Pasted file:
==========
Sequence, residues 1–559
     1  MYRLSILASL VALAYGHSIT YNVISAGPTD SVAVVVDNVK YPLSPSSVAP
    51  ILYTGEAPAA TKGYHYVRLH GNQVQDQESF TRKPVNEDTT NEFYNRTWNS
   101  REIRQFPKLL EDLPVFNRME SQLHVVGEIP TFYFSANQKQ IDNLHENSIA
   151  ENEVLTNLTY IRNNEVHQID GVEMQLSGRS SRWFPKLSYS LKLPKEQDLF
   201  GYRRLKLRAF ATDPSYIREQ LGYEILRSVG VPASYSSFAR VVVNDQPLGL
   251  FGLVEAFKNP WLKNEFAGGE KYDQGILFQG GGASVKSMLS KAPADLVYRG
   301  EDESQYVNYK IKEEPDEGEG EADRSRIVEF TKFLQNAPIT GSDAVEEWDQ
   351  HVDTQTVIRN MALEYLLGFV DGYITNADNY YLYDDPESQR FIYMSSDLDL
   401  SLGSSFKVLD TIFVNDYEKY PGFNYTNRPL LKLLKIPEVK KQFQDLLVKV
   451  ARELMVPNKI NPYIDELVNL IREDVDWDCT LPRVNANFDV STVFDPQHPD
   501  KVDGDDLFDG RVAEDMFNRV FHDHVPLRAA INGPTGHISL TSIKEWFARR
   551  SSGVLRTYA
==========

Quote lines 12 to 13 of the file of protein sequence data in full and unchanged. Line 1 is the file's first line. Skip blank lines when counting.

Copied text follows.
   501  KVDGDDLFDG RVAEDMFNRV FHDHVPLRAA INGPTGHISL TSIKEWFARR
   551  SSGVLRTYA